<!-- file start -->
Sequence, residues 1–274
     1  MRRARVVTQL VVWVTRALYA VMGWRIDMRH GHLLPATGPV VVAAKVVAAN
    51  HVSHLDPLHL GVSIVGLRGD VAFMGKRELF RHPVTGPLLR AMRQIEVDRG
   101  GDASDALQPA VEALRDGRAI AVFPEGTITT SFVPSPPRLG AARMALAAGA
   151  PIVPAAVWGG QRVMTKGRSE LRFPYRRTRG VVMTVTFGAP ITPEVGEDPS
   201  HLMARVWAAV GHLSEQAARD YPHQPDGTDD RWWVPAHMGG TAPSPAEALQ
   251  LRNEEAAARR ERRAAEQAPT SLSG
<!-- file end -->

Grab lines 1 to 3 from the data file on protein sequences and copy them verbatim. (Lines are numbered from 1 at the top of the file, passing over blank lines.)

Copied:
Sequence, residues 1–274
     1  MRRARVVTQL VVWVTRALYA VMGWRIDMRH GHLLPATGPV VVAAKVVAAN
    51  HVSHLDPLHL GVSIVGLRGD VAFMGKRELF RHPVTGPLLR AMRQIEVDRG